He adds, "It is important to note that none of this work would have been possible without the altruistic generosity of brain donors and their loving families, to whom we are most grateful. Their generosity is yielding fundamental insights into the brain,and are leading us toward developing new and effective ways of treating Alzheimer's disease and possibly other brain disorders—potentially helping millions of people. There is much more important work to be done."
About Alzheimer's disease
Alzheimer's disease is a public health crisis. The cause of the disease remains unknown—and no meaningful treatment exists. Nearly six million people in the U.S. are living with Alzheimer's disease, a number projected to reach 14 million by 2060 as the population ages. The annual health care system costs to care for people with the disease exceeds a quarter of a trillion dollars, according to the Alzheimer's Association. The disease also places high burdens on family members: Caregivers of individuals with dementia report substantial emotional, financial and physical difficulties.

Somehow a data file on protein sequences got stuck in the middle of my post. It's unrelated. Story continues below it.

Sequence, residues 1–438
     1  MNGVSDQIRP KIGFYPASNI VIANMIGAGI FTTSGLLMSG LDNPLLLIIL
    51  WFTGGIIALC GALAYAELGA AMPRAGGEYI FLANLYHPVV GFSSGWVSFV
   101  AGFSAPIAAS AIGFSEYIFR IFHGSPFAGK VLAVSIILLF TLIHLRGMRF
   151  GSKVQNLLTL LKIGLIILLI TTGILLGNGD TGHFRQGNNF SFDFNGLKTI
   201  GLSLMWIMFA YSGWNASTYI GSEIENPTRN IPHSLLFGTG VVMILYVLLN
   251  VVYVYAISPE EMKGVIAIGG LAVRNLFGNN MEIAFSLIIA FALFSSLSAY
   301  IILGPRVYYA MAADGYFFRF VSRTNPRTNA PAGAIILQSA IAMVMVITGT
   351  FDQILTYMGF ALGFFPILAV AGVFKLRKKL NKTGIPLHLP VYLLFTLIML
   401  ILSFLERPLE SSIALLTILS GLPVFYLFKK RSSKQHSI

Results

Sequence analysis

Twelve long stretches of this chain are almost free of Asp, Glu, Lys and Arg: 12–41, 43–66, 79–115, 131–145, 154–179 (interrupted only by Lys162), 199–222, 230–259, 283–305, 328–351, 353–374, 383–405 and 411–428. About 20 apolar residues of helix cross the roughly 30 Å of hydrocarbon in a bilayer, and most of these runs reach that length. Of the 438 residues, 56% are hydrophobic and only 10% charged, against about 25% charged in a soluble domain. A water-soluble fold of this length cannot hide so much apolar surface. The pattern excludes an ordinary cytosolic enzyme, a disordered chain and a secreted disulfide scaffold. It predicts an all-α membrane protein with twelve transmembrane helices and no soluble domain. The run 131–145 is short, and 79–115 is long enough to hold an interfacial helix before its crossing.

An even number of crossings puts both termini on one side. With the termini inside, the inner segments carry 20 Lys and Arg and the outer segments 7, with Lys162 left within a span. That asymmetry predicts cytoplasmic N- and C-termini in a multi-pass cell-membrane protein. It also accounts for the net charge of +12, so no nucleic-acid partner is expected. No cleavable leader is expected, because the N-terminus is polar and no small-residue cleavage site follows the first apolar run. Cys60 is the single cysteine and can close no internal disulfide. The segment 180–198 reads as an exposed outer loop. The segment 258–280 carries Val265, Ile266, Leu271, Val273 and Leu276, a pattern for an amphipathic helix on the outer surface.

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Ming-Hsiang Lee et al, Somatic APP gene recombination in Alzheimer's disease and normal neurons, Nature (2018). DOI: 10.1038/s41586-018-0718-6